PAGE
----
Scale dependence of Hortonian rainfall-runoff processes in a semiarid environment: SCALE DEPENDENCE OF SEMIARID RAINFALL-RUNOFF PROCESSES Academic Article uri icon

abstract

  • Scale dependence of Hortonian rainfall-runoff processes has received much attention in the literature but has not been fully resolved. To further explore this issue, a recently developed model was applied to simulate rainfall-infiltration-runoff processes at multiple spatial scales. The model consists of the coupling between a two-dimensional runoff routing module and a two-layer infiltration module, thus accounting for spatial variability in soil properties, soil surface sealing, topography, and partial vegetation cover. A 76 m2 semiarid experimental plot with sparse cover of vegetation patches and a sealed soil surface in inter-patch bare areas was used as a representative elementary area (REA). A series of four larger artificial plots of different areas was created based on this REA to examine the scale dependence of rainfall-runoff relationships in the case of stationary heterogeneity. Results show that runoff depth (or runoff coefficient) decreases with increasing scale. This trend is more prominent at scales less than 10 times the REA length. Power law relationships can quantitatively describe the scaling law. The major mechanism of the scale effect is run-on infiltration. However, rainfall intensity and soil properties can both affect the scaling trend through their interaction with run-on. Higher intensity and less temporal variability of rainfall can both reduce the scale effect. Temporally intermittent rainfall may produce spatially oscillating infiltration rates at large scales. Vegetation patterns are another factor that may affect the scaling. Random-vegetation patterns, compared with regular patterns with similar statistical properties, change the spatial distributions, but do not significantly change either the total amount and statistical properties of infiltration and runoff or the scale dependence of the rainfall-runoff process.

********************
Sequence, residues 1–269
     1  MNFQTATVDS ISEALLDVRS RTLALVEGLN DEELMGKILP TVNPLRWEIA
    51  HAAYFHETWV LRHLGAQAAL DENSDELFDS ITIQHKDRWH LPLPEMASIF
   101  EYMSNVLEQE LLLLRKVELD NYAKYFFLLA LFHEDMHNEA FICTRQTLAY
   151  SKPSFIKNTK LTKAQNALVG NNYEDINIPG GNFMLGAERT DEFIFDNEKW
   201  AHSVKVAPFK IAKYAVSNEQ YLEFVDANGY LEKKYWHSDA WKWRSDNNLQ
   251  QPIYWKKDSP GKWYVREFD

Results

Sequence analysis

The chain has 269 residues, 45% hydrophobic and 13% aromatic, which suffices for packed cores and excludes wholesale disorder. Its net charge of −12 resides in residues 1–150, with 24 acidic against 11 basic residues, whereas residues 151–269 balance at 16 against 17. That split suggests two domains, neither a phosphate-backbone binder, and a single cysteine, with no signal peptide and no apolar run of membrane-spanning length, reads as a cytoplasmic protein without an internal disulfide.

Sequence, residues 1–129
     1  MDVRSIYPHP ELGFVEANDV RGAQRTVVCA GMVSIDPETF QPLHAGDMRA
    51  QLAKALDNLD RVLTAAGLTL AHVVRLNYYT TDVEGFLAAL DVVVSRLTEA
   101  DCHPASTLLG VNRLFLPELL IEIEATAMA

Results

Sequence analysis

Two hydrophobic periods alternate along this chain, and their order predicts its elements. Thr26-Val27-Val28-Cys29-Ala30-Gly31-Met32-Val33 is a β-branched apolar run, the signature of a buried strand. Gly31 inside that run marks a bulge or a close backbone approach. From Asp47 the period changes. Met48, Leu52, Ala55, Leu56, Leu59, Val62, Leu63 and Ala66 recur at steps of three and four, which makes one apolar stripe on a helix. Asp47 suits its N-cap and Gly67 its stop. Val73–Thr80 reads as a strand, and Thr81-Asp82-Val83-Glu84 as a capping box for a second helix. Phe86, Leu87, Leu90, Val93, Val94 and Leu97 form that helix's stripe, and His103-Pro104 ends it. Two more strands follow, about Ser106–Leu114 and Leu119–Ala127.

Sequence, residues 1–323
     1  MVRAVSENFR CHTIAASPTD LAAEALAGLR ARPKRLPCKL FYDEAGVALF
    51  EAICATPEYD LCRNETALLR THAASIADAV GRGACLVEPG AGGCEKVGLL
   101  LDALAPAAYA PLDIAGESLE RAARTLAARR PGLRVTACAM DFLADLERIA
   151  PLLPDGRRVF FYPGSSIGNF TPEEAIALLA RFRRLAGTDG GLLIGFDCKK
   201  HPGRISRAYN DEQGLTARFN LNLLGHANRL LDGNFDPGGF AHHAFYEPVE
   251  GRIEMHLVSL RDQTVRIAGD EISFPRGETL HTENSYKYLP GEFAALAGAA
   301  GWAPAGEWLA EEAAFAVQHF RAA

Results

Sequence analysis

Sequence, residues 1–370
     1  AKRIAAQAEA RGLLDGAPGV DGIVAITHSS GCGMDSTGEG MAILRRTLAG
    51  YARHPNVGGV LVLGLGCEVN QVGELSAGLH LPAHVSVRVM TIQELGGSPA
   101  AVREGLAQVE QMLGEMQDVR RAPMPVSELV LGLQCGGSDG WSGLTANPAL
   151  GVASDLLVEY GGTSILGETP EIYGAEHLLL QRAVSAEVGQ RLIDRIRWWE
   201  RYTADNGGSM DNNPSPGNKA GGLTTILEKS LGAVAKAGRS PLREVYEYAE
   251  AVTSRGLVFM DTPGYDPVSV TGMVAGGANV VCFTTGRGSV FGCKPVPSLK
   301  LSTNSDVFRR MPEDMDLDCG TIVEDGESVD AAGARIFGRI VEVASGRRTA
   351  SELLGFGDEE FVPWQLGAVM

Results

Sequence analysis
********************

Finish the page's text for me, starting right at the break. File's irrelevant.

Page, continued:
publication date

  • January 1, 2016